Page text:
"...it was found that infants do show a preference for consonance over dissonance.  Appreciating dissonance comes later in life, and people differ in how much dissonance they can tolerate.  There is probably a neural basis for this.  Consonant intervals and dissonant intervals are processed via separate mechanisms in the auditory cortex.  Recent results from studying the electrophysiological responses of humans and monkeys to sensory dissonance (that is, chords that sound dissonant by virtue of their frequency ratios, not due to any harmonic or musical context) show that neurons in the primary auditory cortex - the first level of cortical processing for sound - synchronize their firing rates during dissonant chords, but not during consonant chords.  Why that would create a preference for consonance is not yet clear."

- This Is Your Brain on Music, Daniel J. Levitin, pages 222-223

I thought this was related:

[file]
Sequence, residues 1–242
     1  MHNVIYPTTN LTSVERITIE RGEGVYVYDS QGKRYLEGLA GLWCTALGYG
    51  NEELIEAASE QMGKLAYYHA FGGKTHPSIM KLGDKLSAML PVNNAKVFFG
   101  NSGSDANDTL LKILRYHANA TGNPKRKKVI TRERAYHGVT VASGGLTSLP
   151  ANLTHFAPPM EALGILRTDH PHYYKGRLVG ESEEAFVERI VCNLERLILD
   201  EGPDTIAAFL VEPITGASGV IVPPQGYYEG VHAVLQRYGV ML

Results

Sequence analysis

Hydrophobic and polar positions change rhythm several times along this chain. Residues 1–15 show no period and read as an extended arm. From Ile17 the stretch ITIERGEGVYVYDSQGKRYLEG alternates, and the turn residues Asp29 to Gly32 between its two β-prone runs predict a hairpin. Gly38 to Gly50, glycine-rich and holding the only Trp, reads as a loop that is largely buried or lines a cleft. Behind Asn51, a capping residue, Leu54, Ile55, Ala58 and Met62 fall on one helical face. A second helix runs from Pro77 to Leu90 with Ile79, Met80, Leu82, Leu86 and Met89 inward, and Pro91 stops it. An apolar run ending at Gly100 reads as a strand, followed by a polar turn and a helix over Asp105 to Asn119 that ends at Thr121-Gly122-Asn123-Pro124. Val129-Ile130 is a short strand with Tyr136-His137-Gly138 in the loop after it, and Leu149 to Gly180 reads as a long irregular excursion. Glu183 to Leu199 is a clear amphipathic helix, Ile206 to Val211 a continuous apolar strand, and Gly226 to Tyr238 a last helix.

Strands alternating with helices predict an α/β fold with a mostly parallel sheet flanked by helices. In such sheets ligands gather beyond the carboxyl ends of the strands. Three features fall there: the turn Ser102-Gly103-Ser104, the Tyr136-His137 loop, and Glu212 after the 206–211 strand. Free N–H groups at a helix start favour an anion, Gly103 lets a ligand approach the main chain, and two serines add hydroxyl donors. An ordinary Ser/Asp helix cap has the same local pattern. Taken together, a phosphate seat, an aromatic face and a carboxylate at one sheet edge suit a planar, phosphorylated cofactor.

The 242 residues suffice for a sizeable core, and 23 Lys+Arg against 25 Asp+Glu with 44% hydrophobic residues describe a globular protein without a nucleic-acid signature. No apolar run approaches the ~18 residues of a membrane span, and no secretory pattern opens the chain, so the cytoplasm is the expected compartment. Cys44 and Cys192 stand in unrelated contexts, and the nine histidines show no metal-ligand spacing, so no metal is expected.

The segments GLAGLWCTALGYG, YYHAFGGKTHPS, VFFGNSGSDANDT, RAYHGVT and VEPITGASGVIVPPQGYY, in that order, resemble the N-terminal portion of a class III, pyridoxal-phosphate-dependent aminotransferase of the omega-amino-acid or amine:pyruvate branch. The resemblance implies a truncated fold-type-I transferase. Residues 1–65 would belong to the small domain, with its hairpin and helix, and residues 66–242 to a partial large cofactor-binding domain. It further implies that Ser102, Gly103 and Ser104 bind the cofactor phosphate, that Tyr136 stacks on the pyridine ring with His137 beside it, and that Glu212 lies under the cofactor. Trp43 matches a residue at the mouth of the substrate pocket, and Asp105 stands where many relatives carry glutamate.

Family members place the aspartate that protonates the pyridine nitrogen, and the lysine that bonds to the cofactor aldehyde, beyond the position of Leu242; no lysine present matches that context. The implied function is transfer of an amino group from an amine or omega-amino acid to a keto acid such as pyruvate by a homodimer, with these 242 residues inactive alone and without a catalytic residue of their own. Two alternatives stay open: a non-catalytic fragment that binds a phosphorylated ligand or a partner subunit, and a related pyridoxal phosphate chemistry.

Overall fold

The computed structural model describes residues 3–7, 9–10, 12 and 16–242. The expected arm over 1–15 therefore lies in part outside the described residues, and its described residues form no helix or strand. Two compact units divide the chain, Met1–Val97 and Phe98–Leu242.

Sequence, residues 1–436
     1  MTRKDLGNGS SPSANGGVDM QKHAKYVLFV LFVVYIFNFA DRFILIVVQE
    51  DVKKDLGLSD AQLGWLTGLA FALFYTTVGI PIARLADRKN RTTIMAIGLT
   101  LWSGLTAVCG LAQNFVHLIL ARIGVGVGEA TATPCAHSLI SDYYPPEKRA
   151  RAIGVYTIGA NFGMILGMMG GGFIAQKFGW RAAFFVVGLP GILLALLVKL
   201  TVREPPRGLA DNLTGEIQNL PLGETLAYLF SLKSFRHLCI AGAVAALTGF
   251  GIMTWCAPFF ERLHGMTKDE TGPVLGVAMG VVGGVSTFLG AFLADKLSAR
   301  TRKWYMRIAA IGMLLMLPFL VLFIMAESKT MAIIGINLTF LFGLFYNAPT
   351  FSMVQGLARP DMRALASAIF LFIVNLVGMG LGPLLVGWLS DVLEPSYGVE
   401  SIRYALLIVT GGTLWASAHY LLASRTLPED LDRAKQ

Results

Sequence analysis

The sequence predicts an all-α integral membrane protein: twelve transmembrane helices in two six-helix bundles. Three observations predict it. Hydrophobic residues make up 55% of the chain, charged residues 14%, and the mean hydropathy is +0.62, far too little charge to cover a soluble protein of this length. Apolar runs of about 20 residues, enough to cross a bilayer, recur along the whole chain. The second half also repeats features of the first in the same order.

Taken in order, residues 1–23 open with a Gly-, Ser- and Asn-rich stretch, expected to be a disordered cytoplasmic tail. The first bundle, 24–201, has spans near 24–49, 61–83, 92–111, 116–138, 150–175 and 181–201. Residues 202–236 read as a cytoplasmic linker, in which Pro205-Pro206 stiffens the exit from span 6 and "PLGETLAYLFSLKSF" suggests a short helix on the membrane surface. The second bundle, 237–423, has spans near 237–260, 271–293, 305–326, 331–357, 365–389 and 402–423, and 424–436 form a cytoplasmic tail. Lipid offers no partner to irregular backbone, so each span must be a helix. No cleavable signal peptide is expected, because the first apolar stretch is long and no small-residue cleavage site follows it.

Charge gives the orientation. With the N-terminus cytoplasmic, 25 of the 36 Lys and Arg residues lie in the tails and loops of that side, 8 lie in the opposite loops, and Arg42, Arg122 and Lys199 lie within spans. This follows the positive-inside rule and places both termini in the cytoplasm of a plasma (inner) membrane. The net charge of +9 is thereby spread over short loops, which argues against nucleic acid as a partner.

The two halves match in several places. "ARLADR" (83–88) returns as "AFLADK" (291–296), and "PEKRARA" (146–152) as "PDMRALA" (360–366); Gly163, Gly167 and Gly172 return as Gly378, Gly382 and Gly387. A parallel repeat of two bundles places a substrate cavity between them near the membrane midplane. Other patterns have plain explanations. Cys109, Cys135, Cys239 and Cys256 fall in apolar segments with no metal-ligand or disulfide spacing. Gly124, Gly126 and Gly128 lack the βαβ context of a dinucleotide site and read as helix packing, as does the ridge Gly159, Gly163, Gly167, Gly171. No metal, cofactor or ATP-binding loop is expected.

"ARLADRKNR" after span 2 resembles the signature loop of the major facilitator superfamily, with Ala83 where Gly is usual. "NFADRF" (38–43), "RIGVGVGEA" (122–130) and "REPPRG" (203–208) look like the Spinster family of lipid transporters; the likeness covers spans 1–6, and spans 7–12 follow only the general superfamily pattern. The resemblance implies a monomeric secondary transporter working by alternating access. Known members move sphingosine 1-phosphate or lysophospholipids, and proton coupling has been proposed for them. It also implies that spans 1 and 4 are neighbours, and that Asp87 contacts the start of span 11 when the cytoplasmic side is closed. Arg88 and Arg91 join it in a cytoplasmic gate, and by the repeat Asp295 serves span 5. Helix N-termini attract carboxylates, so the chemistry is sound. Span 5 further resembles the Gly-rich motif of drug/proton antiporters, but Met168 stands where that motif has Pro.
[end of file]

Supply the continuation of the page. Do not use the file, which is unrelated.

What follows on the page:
http://en.wikipedia.org/wiki/Consonance_and_dissonance#The_objective_.28physical.2Fphysiological.29_basis_of_dissonance


Since notes and intervals are just like colored paints, the color alone seldom matter so much as how the colors are arranged together, and potentially, how those groups of arrangements are arranged as macro-motifs.

Armchair biologist two cents: Preferring consonance over dissonance is like preferring subdued colors over stimulating and intense ones, since the latter in nature are often "warning signal" colors. A reason I can give(read: pull out of my ass) as to why we'd prefer consonance over dissonance is that consonance is seldom possible without some kind of built-in pre-arrangement or "algorithm" that would indicate to a hearing or listening creature that a healthy organism produced it - like a bird's singing.